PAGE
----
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T_C
Beginner
26 Views

Analyzing overhead of polymorphic code- no branching metrics available?

Hi,

I am analyzing the different between two designs which process millions of messages. One design uses polymorphism and the other doesnt- each message will be represented by a polymorphic sub type.

I have profiled both designs using VTune. The High-level summary data seems to make sense- the polymorphic design has a higher "branch mispredict" rate, higher CPI and higher "ICache misses" rate than the non-polymorphic version implemented with IF statements. 

The polymorphic design has a line of source code like this:

object->virtualFunction();

and this is called millions of times (where the sub type changes each time). I am expecting the polymorphic design to be slower because of branch target mispredictions/instruction misses. As said above, the VTune "summary" tab seems to confirm this. However, when I go to the metrics next to the line of source code there are absolutely no metrics except for:

  • Filled pipeline slots total -> Retiring -> General retirement
  • Filled pipeline slots self -> Retiring -> General retirement
  • Unfilled pipeline slots total -> Front end bound -> Front end bandwidth -> Front end bandwidth MITE
  • Unfilled pipeline slots self -> Front end bound -> Front end bandwidth -> Front end bandwidth MITE

None of the branch prediction columns have data, nor do the instruction cache miss columns??

Could somebody please comment on whether this seems sensible? To me it doesn't- how can there be no branch misprediction or instruction cache miss statistics for a line of polymorphic code where the branch target will constantly be changing per message? 

0 Kudos
48 Replies
Peter_W_Intel
Employee
21 Views

When you enabled optimization switches,  some functions which are called significantly will be compiled with "inlined" - so branch instructions are reduced.  You have two options to verify:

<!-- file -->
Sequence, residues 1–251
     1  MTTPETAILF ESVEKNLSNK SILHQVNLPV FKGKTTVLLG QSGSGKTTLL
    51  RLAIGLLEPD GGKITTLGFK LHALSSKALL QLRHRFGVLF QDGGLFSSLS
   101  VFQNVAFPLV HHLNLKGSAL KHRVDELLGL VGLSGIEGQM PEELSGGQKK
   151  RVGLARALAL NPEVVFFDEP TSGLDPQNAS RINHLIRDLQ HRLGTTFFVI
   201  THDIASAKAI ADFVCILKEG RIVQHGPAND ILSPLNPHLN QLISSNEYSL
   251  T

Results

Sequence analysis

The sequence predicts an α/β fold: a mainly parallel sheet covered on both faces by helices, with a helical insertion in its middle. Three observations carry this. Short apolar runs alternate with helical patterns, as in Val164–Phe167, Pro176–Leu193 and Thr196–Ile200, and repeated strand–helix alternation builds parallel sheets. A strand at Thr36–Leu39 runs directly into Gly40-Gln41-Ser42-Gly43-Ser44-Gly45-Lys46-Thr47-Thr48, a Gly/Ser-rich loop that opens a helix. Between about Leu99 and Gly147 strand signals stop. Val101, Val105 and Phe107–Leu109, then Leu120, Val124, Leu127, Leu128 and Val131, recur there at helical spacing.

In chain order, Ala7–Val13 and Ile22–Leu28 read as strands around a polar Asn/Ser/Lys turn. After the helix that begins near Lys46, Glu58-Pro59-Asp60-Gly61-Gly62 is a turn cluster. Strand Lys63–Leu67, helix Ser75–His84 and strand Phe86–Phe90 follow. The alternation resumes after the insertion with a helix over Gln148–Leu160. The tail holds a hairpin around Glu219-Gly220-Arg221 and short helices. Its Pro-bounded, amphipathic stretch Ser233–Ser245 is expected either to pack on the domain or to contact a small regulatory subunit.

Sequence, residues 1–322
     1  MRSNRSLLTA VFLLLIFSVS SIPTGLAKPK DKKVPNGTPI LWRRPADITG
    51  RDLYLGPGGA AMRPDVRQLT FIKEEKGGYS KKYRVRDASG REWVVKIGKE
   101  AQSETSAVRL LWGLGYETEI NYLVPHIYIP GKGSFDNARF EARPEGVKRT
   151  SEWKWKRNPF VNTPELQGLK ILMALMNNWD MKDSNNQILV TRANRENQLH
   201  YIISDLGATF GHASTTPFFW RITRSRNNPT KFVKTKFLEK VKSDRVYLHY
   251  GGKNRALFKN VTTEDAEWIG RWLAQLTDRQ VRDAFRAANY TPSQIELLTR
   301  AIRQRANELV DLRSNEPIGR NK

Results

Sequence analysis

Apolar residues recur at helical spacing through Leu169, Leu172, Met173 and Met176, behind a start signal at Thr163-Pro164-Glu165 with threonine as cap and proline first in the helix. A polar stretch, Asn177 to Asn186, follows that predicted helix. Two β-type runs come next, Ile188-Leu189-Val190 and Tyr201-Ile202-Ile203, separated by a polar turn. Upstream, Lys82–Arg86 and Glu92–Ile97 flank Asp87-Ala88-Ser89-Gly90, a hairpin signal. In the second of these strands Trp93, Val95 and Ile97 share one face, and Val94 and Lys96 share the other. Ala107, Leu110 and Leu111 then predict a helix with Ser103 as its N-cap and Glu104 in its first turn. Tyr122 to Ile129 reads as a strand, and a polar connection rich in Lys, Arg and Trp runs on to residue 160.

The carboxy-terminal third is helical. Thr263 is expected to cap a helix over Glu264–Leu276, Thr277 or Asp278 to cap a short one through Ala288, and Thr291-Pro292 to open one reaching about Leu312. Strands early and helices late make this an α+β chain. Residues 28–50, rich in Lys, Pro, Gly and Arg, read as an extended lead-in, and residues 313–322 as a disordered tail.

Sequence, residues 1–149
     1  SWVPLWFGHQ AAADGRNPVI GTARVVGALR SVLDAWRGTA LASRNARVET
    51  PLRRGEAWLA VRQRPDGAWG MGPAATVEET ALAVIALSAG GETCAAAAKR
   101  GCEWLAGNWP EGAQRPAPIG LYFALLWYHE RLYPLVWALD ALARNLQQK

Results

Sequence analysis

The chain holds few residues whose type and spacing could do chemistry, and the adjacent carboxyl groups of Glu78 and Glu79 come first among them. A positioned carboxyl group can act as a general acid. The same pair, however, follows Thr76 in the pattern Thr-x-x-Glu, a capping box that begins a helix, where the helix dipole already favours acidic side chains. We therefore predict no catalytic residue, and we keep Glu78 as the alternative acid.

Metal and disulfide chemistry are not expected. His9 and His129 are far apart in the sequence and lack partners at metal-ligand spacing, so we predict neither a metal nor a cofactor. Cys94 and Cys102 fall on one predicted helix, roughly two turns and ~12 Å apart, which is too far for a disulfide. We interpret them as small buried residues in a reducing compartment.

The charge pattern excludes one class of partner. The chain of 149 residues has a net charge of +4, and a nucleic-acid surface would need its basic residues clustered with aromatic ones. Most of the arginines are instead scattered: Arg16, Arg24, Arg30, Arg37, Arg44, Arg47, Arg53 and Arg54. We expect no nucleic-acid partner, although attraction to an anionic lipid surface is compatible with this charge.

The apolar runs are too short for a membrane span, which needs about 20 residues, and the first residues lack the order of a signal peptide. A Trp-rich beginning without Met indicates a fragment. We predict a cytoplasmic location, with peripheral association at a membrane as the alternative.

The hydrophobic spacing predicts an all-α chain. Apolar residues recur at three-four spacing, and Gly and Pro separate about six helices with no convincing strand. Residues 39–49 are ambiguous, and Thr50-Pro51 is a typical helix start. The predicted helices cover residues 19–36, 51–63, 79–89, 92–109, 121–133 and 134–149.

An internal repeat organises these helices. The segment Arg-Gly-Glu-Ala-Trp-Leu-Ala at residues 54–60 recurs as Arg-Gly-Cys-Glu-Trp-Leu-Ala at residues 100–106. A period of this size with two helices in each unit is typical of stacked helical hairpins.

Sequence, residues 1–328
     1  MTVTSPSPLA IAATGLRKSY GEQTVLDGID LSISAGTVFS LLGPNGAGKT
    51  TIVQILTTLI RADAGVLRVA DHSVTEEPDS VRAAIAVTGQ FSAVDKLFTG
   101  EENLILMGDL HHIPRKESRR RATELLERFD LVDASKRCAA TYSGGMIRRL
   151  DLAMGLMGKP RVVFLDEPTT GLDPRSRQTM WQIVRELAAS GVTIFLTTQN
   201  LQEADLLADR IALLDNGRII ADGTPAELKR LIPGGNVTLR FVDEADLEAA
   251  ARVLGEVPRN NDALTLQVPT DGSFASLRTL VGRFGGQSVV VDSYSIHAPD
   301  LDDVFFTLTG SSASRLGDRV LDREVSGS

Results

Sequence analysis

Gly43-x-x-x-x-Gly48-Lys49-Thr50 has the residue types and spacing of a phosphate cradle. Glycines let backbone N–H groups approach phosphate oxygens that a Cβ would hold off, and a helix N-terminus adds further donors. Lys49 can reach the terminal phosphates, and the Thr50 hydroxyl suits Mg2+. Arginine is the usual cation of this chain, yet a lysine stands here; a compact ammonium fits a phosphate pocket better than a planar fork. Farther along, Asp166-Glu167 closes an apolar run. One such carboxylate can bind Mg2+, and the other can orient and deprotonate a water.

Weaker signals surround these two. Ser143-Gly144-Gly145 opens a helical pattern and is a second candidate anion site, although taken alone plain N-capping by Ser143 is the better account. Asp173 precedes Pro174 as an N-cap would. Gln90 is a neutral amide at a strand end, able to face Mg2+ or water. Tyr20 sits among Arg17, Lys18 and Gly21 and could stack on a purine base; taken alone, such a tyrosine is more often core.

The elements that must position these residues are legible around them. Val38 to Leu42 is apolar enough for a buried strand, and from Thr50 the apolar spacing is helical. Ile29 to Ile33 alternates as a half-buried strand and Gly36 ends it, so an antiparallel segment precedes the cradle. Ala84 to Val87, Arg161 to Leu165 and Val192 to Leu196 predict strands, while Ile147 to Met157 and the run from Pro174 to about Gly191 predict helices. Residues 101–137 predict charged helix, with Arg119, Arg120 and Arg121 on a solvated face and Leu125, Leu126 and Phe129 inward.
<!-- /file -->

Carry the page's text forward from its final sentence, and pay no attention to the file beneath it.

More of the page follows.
1. Disable optimization switches when compiling.

2. For using Intel C/C++ Composer 13.1 above, use "CFLAGS=-O2 -g -inline-debug-info" like to build, and turn on "inline enabled" in VTune report

If you see branch misprediction metric data in Summary tab, what are contributed in source line? See bottom-up report to know metric in function/source line.

Regards, Peter  

T_C
Beginner
21 Views

Hi Peter, thanks for replying.

The compiler wouldn't be able to inline the polymorphic function call because it wouldn't know the exact subtype of the object (preventing inlining is another cost to Polymorphism). The exact code for the virtual method can only be known at run-time via the vptr and the vtable, surely?

Peter_W_Intel
Employee
21 Views

Hm, it could be issue if the method entry address got via vptr in the table, at runtime. VTune cannot know what exact function is before running (based on debug info), I think. -Peter 

T_C
Beginner
21 Views

Ok but the line of code:

object->virtualFunction();

is translated in to ASM. This ASM will then have an instruction address. When the CPU attempts to execute this unconditional branch it will try to predict the target branch address. If the address is right/wrong surely VTune should still be able to say for line object->virtualFunction() the CPU correctly/incorrectly guessed the branch target X%?

I'd be ever so surprised if VTune cannot profile polymorphic method calls/unconditional branches!?

Peter_W_Intel
Employee
21 Views

Is it possible that you can provide me a simple test case of polymorphic method? I may try to construct new one, there is limited time today...

T_C
Beginner
21 Views

Here you go:

#include <iostream>

class Parent{
public:
	    virtual void f() = 0;
};

class Child1 : public Parent{
public:
	    virtual void f(){
		        std::cout << "Child1" << std::endl;
	    }
};

class Child2 : public Parent{
public:
	    virtual void f(){
        		std::cout << "Child2" << std::endl;
	    }
};


int main(){

	    Parent* p;

	    for(int i=0; i<100000; i++){
        		if(__rdtsc() % 2 == 0){
           			 p = new Child1();
		        }
        		else{
			            p = new Child2();
		        }
		        p->f();
    	}
}

 

Bernard
Black Belt
21 Views

>>>Ok but the line of code:

object->virtualFunction();

is translated in to ASM. This ASM will then have an instruction address>>>